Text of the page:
I got a very large tattoo this summer (as well as a small one). When I catch a glimpse in the mirror, it gives me pleasure to think: this woman could be an aging rock star, or an aging artist! I still can’t give a particularly good reason for getting the very large tattoo, or even for the chosen image (an owl made of woven ribbons), other than I like it.
I like it. It makes me feel both more myself and more like a different, alternative self, living a much edgier, cooler, artistic life, that probably involves less cooking and cleaning, overall. Fewer challenging parenting decisions.
At the cottage, we mostly unplug and read. I’ve read all the August New Yorkers from cover to cover. I just finished my friend Emily Urquhart’s memoir, Beyond the Pale, which explores folklore and genetics. And I’m currently tearing through a novel called Nightbitch, by Rachel Yoder, a writer with whom I share Mennonite roots (she was raised in Ohio); the book seems to me to be an answer to the question: why is motherhood so confusing and impossible? Or, maybe it’s a theory of motherhood, or an abstract on how to respond to motherhood, including positing motherhood as intensely lived performance art. Whatever it is, it’s deeply weird, hilariously funny, and consoling. I keep reading lines out loud to anyone who will listen.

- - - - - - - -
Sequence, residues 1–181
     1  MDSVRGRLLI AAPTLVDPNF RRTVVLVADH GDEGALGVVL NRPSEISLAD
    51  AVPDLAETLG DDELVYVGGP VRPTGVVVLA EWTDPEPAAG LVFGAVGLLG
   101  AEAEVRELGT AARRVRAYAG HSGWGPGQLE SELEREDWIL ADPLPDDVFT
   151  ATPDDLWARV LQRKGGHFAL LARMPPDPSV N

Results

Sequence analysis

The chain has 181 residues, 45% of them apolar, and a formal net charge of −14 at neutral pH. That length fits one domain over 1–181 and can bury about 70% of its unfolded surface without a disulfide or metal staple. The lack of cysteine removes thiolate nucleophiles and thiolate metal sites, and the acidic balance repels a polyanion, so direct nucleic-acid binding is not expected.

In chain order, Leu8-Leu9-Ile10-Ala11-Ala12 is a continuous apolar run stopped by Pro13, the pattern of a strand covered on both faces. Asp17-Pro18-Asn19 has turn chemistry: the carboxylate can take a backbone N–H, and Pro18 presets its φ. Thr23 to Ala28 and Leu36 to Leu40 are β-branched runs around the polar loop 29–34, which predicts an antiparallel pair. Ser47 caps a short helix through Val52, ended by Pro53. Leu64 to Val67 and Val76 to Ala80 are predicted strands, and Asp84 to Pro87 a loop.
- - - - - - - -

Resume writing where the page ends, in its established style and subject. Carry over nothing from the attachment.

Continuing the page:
I recommend pairing Nightbitch with this New York Times opinion piece on the “mothering instinct.”
Bracing. Just like the cool lake water. Some summers I haven’t gone under the water even once. I used to swim no matter what, training and doing lengths back and forth in the deeper water, but after a near-drowning experience a few years ago, I’ve been cautious and nervous in the lake. This summer, I decided to try, at least, to walk in and go under, no matter the weather. I’m fascinated by people who’ve taken up immersing themselves in freezing cold water, hacking holes in icy lakes in the middle of winter. It seems to have become a popular thing during the pandemic. I don’t live close to a body of water that would qualify as a lake, but in truth, even if a handy icy lake existed nearby, I’m not sure I’d have the fortitude for it. My alter-ego with the owl tattoo totally would. But for now, I feel practically heroic for paddling around the shallows of this little bay on an overcast and cool day, limbs tingling and bright, and chasing it with a blissful hot shower, enjoyed outdoors under the pine trees.
Maybe this is where my owl tattoo self lives all the time. I love the sound of the lake water on the rocks at night. I love the isolation. Everything slows, here. My racing mind. Time. Longing. Experience. Expression. It feels like we could always be here, when we are here.
Friday, Jun 17, 2022 | Adventure, Art, Big Thoughts, Books, Confessions, Dream, Francie's Got A Gun, Manifest, Money, Organizing, Peace, Play, Publishing, Reading, Source, Space, Spirit, Success, Word of the Year, Writing |
I’m in between, right now.